Best Area to Stay in Rome for First Time Visitor

The metropolitan area of Rome is the largest in Italy, extending for 5,352 square kilometers (or 2,066 sq miles). Visitors coming to Rome for the first time may have some trouble figuring out what is the best area to stay in, and how to be as close as possible to the main attractions and public transports avoiding at the same time overcrowded, touristic areas.

In our Rome Travel Guide “Roma Wonder” we have divided rome into 6 major areas based on the history and evolution of each of them and the attractions within. Of course each area is very different from the other. Some of them may be bigger and divided into several neighbourhoods, while other are smaller, needing less time to be explored.

Hence, this post is intended to help first time visitors identifying the best areas to stay in Rome. Assessments on each area may change depending on seasonality. We advice first time visitors to read our post Best Time to Visit Rome.

Staying in the Colosseum & Ancient Rome Area

Many visitors choose to stay next to the Colosseum, the monument symbol of Rome, and to other attractions from the Ancient Rome (see all the attractions in the Colosseum and Ancient Rome Area). One of the pros is that this area is served pretty well by Rome public transports – there’s the Blue Metro Line and buses connecting this area to other areas in Rome.
The cons are that the Colosseum and Ancient Rome area is very touristic and overcrowded during the High Season that goes from May to June. Things change a lot during the Shoulder Seasons, especially in Fall, and in Winter. As soon as most of the tourist traffic stops, the Colosseum Areas regain its charm. To sum up, avoid staying in this area during the high season, while take it into consideration in fall and winter.

Trastevere Area & Jewish Ghetto Area

Trastevere Area and Jewish Ghetto Area are certainly the most characteristic neighbourhoods in Rome. Despite their unique charm, we would not recommend people visiting Rome for the first time to stay in these areas since they are not well connected by public transport to the main highlights in the city. Since there’s no Metro serving these areas reaching spots such as the Vatican Museums, the Colosseum and others will require several bus rides and multiple changes. The best way to discover a city is walking. Hence, we advise you to come back to Rome once again and stay in these areas on your second trip when you’ve got the “must see” attractions covered!

Pantheon and Navona Square Area

Pantheon and Navona Square Area could be pretty touristic as well. However, this area is properly regarded as Rome historic center and if you are an early bird you can have all to yourself quaint little alleys, Piazza Navona and the Pantheon. This area also features several hotels and apartments for rental that will suit all kinds budgets. One of the pros of staying in this area is that there are some of our favourite restaurants, trattorias and wine bars that stay open until late in the evening. This area is not served by the metro, but is well connected to the Vatican Area and the Colosseum Area by buses.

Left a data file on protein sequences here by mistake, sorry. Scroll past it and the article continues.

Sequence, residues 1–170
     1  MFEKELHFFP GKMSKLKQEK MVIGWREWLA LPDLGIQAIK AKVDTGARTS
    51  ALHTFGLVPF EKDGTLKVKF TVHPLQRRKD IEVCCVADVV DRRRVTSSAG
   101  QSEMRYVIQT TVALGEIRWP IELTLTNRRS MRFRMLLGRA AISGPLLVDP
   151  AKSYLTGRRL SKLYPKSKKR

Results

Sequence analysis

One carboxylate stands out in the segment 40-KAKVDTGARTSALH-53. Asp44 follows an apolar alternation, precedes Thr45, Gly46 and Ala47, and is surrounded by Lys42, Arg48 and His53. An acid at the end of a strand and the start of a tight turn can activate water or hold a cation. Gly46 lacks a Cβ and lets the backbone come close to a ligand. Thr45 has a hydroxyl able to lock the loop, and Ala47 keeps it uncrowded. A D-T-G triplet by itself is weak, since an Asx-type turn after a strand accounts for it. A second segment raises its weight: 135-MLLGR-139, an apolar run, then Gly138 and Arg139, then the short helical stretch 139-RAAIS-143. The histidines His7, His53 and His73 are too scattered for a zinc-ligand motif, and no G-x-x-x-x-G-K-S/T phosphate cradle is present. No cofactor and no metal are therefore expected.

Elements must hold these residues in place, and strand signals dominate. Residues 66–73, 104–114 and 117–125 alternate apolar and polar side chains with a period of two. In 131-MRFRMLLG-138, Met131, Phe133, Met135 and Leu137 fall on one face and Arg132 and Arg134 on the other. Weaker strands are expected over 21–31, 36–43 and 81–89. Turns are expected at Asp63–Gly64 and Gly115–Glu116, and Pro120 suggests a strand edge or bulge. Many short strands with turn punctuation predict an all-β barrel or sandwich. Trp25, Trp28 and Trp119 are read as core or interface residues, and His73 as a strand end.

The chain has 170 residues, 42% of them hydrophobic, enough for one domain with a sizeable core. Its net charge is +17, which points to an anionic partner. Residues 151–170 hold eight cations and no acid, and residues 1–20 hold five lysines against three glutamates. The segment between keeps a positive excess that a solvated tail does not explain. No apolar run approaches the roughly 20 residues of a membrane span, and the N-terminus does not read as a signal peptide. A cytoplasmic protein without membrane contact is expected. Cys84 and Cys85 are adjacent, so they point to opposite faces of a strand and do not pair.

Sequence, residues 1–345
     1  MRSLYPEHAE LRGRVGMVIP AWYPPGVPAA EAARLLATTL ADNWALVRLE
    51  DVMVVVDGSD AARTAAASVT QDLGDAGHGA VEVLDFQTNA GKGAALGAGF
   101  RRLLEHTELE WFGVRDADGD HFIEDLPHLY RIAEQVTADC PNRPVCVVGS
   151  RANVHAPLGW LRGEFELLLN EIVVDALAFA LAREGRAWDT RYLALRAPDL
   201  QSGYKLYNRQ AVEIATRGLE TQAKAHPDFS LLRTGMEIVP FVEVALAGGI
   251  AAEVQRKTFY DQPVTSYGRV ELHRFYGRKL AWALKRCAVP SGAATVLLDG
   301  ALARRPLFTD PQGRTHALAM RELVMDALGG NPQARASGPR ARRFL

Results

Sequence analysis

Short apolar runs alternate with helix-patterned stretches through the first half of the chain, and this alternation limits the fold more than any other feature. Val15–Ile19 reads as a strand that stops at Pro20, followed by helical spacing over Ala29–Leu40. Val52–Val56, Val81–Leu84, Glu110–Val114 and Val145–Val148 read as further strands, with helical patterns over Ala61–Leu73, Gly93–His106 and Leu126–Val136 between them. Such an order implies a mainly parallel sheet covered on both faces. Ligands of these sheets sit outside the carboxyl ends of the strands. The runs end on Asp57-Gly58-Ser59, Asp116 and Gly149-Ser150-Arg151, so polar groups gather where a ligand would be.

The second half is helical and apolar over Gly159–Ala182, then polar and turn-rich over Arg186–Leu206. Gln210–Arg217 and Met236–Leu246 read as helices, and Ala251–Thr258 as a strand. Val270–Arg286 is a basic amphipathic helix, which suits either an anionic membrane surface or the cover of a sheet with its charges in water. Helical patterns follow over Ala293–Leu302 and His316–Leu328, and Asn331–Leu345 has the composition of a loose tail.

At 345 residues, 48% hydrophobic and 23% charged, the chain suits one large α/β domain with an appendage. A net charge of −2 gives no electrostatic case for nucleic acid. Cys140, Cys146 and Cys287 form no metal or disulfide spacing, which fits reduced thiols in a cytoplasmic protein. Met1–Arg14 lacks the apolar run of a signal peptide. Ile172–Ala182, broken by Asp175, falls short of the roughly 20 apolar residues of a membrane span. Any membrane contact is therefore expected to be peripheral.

Spanish Steps and Trevi Fountain Area

The Spanish Steps and Trevi Fountain Area may look as one of the best location to stay in, especially for romantic couples. There you will find several hotels, boutique hotels and luxury apartments. However, staying next to the Trevi Fountain and Spanish Steps can be quite expensive. For visitors traveling with a limited budget or with kids the best option is to stay between this area and the Vatican City Area.

Staying in the Vatican City Area

The area outside the Vatican City Walls, which we referred to in our guide as Vatican City Area, is certainly the best area to stay in Rome for first time visitors. Surfing the net you’ll find plenty of solutions concerning accommodations such as boutique hotels, bed and breakfast, and apartments. Our advice for you is to stay next to Lepanto Metro Station (Red or A Line), thus you will be at a walking distance from several Rome’s highlights such as the Vatican Museums and St. Peter’s Basilica, but also Piazza del Popolo and Piazza di Spagna, but apart from touristic places and crowds. Traveling by metro, you can reach in just a few stops the Trevi Fountain and with a train change be at the Colosseum and Ancient Rome.
Moreover, this area is less touristic and with nice restaurants, bars, cafes where locals usually go. This area is perfect for families and couples as well.

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